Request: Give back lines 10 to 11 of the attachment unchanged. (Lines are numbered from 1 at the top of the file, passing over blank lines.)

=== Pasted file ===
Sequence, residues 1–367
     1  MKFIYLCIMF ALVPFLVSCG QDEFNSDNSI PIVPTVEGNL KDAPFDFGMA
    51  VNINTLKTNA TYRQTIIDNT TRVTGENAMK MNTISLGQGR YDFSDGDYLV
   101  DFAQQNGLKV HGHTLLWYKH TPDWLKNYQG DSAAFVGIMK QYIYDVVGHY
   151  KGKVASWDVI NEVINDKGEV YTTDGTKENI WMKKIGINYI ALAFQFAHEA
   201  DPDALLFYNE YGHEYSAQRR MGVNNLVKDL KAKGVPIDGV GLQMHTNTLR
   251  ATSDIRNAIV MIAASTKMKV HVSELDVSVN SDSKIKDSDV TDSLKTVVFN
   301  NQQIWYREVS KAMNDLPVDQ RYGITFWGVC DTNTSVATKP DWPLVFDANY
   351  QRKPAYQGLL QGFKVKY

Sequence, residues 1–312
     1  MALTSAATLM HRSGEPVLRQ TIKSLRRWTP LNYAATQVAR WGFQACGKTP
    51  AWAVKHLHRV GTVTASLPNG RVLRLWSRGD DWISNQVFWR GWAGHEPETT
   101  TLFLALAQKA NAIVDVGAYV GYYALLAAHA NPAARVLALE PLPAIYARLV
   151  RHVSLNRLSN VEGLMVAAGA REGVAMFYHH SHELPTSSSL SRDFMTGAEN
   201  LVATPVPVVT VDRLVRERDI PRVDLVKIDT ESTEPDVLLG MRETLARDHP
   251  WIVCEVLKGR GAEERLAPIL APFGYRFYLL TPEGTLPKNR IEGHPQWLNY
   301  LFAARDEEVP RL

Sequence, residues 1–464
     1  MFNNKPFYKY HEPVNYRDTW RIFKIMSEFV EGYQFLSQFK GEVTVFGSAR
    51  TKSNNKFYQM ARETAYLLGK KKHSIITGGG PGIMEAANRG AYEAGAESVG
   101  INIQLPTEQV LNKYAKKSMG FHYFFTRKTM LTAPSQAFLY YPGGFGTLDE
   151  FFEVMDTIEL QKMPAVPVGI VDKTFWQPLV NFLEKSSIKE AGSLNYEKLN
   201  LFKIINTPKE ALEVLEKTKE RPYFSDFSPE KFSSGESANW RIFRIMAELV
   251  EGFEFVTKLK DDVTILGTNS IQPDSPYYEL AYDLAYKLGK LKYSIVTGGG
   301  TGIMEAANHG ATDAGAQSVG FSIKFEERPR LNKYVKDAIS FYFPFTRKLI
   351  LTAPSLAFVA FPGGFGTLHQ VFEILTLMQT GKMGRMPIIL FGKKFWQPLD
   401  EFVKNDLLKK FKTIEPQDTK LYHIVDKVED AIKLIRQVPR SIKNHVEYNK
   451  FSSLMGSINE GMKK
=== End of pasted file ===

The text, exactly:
Sequence, residues 1–312
     1  MALTSAATLM HRSGEPVLRQ TIKSLRRWTP LNYAATQVAR WGFQACGKTP